Judgment at the Lord’s Coming
Open Your Bible
Malachi 2:17, Malachi 3:1-18, Matthew 11:7-15, Hebrews 12:7-11
I love to barbecue. Two or three times a year, I make pulled pork. It takes me three days, give or take: a wet brine, a dry rub, slow smoked on the grill, and then finished in the oven. The first bites of sweet-spicy bark are heavenly, a combination of loving preparation and long-suffering.
When pork shoulder reaches approximately 160 degrees, it enters what is known as “the stall.” The stall can last hours and can be paralyzing for the barbecuer: the temperature gauge does not change. It sits at 160-ish degrees for hours and hours. The stall is a scientifically-studied phenomenon during which the melting fat in the meat leads the moisture in the meat to evaporate, which cools the meat. Basically, the fat is rendering and the meat is slowly, steadily becoming pure, tender deliciousness. The meat is being refined and purified by the heat.
The three disputations in today’s chapter in Malachi are about this very thing: the cost of refining. The Lord promises to send a messenger who will “be like a refiner’s fire and like launderer’s bleach” (Malachi 3:2). The messenger will “purify the sons of Levi and refine them like gold and silver. Then they will present offerings to the Lord in righteousness” (v.3). The messenger is dual: it refers to John the Baptist, who will prepare the way for Jesus, the messenger of the new covenant—the one who will go through the refining fire and be the refining fire for all of us.
In Malachi, we see the calling-out of the people and priests who tried to shortcut their way through the fire, or who claimed what they had already done and been through was enough. But the sacrifices were not about the animals, and the behavior modifications were not about performing just right, and the exile wasn’t a punishment that would wipe their sin away for good.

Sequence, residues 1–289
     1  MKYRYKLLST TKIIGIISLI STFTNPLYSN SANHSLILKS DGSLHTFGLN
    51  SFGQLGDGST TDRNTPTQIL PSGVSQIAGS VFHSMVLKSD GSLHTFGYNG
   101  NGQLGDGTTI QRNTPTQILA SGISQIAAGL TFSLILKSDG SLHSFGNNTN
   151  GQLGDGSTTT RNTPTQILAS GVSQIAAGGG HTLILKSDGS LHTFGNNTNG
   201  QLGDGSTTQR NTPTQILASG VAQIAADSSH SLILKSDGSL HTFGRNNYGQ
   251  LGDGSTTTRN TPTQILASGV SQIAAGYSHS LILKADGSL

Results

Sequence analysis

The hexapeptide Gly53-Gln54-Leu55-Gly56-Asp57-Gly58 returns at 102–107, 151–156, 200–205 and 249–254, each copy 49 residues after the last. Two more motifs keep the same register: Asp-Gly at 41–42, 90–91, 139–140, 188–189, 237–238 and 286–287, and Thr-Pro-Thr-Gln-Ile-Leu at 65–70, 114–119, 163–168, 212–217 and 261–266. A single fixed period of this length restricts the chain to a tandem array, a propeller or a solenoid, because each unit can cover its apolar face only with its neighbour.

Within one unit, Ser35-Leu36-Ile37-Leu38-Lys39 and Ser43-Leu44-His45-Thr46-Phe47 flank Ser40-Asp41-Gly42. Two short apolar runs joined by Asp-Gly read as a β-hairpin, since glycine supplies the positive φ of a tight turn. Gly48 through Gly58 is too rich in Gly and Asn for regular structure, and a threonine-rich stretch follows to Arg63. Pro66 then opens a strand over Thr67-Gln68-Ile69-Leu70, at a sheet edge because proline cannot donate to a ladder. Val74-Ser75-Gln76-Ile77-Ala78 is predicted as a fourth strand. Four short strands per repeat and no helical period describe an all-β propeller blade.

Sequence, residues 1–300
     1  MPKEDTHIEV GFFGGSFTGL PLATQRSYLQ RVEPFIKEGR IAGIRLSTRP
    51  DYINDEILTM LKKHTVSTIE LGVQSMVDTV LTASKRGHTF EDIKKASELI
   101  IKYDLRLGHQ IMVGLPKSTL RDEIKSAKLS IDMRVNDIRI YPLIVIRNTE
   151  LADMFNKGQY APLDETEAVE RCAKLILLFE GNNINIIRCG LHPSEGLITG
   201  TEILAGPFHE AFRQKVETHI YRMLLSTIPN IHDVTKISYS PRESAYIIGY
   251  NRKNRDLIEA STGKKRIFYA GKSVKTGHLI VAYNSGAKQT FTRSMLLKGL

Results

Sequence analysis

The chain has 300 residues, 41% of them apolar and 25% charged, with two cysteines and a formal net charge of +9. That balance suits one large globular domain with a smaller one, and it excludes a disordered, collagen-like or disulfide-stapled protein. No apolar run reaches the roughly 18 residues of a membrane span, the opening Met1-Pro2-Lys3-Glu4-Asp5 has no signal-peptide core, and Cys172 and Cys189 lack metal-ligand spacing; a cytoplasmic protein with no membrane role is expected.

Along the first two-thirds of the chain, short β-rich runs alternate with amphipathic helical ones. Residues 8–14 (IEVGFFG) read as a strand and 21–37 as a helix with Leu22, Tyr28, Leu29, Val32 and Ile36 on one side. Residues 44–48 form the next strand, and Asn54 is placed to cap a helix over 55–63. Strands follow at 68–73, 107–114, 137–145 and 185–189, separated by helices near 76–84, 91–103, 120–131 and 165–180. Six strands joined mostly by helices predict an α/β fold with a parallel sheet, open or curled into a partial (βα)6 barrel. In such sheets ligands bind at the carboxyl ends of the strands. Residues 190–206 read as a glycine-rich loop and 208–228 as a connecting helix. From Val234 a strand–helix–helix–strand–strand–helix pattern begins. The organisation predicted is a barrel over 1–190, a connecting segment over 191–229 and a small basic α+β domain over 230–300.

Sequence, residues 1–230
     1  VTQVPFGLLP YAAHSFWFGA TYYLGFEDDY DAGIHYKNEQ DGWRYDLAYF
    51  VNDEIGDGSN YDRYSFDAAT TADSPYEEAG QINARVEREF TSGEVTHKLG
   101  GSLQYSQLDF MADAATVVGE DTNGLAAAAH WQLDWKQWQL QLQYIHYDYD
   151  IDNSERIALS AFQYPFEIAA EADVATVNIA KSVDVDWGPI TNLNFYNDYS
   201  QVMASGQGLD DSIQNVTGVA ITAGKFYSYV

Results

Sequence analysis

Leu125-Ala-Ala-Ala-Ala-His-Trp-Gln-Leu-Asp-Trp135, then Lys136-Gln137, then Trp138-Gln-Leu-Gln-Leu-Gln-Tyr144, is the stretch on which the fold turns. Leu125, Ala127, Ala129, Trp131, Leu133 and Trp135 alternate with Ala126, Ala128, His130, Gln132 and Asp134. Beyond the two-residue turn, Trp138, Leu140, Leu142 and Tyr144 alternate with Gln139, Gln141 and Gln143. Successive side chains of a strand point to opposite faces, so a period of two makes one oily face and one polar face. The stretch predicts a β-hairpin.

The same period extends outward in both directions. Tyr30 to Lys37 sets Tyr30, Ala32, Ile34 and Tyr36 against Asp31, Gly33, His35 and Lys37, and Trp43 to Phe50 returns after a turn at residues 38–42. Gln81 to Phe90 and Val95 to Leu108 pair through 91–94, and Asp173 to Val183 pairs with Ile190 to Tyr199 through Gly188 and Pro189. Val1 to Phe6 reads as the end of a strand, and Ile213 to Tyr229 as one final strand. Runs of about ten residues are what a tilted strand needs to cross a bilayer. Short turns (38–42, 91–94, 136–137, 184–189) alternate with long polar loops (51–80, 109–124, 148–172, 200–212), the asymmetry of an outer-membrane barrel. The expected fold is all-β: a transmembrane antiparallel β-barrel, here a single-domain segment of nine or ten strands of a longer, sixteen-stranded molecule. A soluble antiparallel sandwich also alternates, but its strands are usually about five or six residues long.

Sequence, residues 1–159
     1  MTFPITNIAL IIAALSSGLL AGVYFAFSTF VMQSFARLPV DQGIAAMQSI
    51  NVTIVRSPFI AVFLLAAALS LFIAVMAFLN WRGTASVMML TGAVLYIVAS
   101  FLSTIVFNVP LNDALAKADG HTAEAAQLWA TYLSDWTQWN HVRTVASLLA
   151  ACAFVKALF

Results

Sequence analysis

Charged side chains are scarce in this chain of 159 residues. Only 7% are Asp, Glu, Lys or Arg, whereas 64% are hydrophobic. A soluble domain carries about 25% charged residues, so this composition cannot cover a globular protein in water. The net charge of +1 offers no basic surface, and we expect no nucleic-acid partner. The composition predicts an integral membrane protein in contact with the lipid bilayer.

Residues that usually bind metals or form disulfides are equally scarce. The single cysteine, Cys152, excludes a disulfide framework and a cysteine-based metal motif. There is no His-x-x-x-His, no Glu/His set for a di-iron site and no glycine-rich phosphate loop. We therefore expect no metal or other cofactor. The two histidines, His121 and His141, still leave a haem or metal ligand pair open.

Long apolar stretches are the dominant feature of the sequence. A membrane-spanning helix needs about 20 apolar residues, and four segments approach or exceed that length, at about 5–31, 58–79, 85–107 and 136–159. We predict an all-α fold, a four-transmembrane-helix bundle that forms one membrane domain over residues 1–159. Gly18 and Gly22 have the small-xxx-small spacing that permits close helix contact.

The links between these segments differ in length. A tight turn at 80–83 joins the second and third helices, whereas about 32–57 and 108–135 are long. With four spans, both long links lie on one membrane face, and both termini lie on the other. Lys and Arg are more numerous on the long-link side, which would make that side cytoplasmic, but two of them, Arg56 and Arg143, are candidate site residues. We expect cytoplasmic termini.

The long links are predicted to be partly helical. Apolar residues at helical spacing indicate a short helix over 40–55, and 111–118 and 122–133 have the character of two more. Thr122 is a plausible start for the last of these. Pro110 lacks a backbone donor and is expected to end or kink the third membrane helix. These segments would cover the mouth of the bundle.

Proverbs 17:3 says, “A crucible for silver, and a smelter for gold, and the Lord is the tester of hearts.” Our hearts are just as in need of refining as the hearts of the wayward priests in the book of Malachi. Sanctification, the lifelong process of being made more like Christ through the work of the Holy Spirit, is often painful like fire as it burns away our sin.
“No discipline seems enjoyable at the time, but painful. Later on, however, it yields the peaceful fruit of righteousness to those who have been trained by it” (Hebrews 12:11). This training is hard. I can count a thousand ways the Lord is burning away the dross in my life today, and there will still be a lifetime of work to do. Asking for His refining love is the most daring and terrifying thing I can pray, but it is also the safest because of His sweet and abiding love for me.